Bursatella leachii

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Bursatella leachii
Blue Spot Sea Hare (18 cm) 1 (234970169).jpg
Scientific classification
Kingdom: Animalia
Phylum: Mollusca
Class: Gastropoda
(unranked): clade Heterobranchia
clade Euthyneura
clade Euopisthobranchia
clade Aplysiomorpha
Superfamily: Aplysioidea
Family: Aplysiidae
Genus: Bursatella
Blainville, 1817
Species: B. leachii
Binomial name
Bursatella leachii
Blainville, 1817

Bursatella leachii, common name the ragged sea hare or shaggy sea hare, is a species of large sea slug or sea hare, a marine gastropod mollusk in the family Aplysiidae, the sea hares.[1]


This is a circumtropical sea hare, the only species in its genus. It occurs in the intertidal zone and down to at least 10 m[2] on coastal areas of the Indo-West Pacific oceans, the Caribbean Sea and the Mediterranean Sea.


A close-up detail of the head and anterior part of Bursatella leachii

Bursatella leachii is green to greenish brown. It has a broad and short head. Its mantle is covered with papillae (finger-like outgrowths), which give it a thorny aspect. The mantle has a network-like pattern with blue eyespots (ocelli) in black spots and green areas. It moves slowly on a broad foot. There is short, sharp tail. The short parapodia (fleshy, winglike outgrowths) are fused on their rear end.

The maximum recorded length is 120 mm.[3]


The species is usually found in estuaries and tidal pools, and more rarely on sandy bottoms. The minimum recorded depth for this species is 0 m; maximum recorded depth is 7 m.[3] This sea hare may be found in dense concentrations or singly. It is herbivorous. The species lays egg ribbons in long green stringy tangles.[4]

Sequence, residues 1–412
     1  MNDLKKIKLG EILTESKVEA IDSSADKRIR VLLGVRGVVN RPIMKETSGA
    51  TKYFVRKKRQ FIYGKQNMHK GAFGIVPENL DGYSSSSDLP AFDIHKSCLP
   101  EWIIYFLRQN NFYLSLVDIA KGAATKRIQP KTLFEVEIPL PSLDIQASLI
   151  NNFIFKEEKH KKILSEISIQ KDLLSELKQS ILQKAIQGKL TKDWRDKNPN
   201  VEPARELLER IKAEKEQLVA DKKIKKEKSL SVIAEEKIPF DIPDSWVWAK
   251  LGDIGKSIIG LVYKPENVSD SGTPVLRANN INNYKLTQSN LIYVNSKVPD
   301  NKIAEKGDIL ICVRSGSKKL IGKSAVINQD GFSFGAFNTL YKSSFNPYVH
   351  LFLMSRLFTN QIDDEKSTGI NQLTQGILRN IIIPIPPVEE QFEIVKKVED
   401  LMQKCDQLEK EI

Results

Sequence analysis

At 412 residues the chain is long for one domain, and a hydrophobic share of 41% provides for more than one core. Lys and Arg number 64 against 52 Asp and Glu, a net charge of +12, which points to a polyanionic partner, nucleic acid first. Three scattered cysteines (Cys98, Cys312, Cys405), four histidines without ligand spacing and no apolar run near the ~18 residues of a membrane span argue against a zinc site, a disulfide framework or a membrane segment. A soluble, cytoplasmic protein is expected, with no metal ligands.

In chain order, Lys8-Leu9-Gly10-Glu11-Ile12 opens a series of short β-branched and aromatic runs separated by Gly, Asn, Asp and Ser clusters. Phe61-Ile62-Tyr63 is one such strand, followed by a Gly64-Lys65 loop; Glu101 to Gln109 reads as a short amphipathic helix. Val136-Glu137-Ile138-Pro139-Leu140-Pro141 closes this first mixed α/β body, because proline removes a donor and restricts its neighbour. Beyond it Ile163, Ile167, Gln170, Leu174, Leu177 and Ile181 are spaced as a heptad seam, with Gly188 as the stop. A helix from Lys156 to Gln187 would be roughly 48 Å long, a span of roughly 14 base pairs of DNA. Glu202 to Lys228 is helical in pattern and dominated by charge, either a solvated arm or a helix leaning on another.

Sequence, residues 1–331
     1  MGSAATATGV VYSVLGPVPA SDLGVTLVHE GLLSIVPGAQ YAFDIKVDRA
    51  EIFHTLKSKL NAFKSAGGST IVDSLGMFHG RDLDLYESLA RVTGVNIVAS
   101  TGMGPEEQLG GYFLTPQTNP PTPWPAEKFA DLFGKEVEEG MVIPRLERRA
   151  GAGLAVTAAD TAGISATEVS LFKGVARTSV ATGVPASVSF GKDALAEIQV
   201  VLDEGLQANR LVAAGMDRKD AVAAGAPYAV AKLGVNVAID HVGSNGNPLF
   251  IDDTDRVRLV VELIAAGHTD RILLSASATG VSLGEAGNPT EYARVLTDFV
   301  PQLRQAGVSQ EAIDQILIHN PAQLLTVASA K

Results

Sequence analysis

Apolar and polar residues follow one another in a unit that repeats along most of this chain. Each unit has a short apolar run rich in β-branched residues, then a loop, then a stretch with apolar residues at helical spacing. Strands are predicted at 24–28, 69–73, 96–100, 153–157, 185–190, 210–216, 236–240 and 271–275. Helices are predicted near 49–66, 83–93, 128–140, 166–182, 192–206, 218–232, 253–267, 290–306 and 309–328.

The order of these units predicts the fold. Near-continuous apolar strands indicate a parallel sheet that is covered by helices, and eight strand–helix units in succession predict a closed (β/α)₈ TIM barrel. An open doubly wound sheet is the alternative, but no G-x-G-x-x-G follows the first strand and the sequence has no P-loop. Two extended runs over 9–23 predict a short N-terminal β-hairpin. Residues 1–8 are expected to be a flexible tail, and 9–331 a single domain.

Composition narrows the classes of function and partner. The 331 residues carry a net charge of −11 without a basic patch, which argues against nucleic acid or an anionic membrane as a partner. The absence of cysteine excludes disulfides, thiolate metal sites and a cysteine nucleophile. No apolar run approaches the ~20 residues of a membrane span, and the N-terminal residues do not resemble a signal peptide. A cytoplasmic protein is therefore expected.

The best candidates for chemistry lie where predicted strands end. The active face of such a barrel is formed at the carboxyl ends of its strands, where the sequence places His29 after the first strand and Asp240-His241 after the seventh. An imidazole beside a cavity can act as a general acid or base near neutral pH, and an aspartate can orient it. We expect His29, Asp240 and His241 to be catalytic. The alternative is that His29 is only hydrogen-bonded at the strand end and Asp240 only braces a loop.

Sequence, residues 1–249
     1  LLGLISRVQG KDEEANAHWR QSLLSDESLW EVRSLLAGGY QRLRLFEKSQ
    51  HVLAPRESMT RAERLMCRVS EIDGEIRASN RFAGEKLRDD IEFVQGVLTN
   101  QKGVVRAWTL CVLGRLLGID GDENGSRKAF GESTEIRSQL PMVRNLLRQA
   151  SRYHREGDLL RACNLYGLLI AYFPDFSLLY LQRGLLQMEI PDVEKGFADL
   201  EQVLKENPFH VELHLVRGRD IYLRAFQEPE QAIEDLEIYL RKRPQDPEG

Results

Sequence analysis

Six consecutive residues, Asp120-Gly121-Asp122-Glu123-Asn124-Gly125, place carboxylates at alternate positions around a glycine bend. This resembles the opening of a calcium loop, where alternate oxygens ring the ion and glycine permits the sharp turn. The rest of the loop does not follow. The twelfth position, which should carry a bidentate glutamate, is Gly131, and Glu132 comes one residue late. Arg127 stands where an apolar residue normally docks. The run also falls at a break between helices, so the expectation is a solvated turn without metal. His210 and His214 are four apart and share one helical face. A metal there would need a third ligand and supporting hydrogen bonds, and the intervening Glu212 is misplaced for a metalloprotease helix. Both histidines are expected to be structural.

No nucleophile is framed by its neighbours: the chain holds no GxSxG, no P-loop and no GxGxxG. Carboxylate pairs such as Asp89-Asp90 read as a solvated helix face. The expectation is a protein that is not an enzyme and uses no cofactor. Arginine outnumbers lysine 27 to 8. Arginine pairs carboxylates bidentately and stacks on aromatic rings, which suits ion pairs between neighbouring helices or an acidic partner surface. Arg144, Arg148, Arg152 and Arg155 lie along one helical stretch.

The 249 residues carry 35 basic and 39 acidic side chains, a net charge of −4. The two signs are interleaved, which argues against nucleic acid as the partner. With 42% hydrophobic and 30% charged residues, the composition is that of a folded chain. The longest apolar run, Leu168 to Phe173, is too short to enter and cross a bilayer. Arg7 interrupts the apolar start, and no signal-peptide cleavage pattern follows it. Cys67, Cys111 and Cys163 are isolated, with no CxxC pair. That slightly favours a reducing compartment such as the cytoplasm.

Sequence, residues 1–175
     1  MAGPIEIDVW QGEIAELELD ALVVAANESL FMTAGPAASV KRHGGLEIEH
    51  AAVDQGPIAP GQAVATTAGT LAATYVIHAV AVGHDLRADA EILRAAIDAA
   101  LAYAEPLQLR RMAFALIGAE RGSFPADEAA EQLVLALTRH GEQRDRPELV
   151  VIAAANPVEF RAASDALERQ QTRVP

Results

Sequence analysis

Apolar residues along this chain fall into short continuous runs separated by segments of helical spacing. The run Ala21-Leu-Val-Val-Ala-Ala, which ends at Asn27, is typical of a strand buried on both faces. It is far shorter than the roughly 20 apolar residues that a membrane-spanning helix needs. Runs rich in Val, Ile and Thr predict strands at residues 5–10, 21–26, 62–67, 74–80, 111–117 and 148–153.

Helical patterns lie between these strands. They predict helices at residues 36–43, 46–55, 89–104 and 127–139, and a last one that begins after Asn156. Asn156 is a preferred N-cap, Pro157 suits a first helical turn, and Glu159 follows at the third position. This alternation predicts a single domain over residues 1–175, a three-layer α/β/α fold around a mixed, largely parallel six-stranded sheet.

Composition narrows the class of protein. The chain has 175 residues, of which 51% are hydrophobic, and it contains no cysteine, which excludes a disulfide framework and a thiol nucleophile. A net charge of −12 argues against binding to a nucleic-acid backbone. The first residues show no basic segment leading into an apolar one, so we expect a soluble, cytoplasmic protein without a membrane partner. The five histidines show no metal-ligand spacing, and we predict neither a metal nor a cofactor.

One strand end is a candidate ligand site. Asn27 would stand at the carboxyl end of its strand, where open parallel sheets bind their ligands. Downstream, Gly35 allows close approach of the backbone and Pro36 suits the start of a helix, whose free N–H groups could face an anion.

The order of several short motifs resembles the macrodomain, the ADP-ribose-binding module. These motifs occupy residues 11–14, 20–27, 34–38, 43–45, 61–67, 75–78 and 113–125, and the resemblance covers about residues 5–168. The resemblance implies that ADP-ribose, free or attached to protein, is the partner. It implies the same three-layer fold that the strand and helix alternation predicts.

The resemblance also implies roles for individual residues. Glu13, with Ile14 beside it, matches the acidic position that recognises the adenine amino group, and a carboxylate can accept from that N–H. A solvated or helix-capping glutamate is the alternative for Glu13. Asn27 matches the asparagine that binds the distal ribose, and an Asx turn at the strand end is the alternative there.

Three subspecies have been described:

  • Bursatella leachii africana
  • Bursatella leachii guineensis Bebbington, 1969
  • Bursatella leachii leachii Blainville, 1817
  • Bursatella leachii pleii Rang, 1826[5] (synonym: Notarchus pleii (Rang, 1828))
  • Bursatella leachii savigniana Audouin, 1826 (synonyms: Bursatella savigniana Audouin, 1826 (basionym); Notarchus savignyanus )


  1. ^ Bouchet, P.; Gofas, S. (2012). Bursatella leachii Blainville, 1817. Accessed through: World Register of Marine Species at http://www.marinespecies.org/aphia.php?p=taxdetails&id=138759 on 2012-03-31
  2. ^ ZSILAVECZ, G. 2007. Nudibranchs of the Cape Peninsula and False Bay. ISBN 0-620-38054-3
  3. ^ a b Welch J. J. (2010). "The "Island Rule" and Deep-Sea Gastropods: Re-Examining the Evidence". PLoS ONE 5(1): e8776. doi:10.1371/journal.pone.0008776.
  4. ^ GOSLINER, T.M. 1987. Nudibranchs of Southern Africa ISBN 0-930118-13-8
  5. ^ http://www.catalogueoflife.org accessed 25 May 2009

External links[edit]

  • SEM images of the radula can be found at Thompson; Bebbington (1973). "Scanning electron microscope studies of gastropod radulae". Malacologia. 14: 147–165.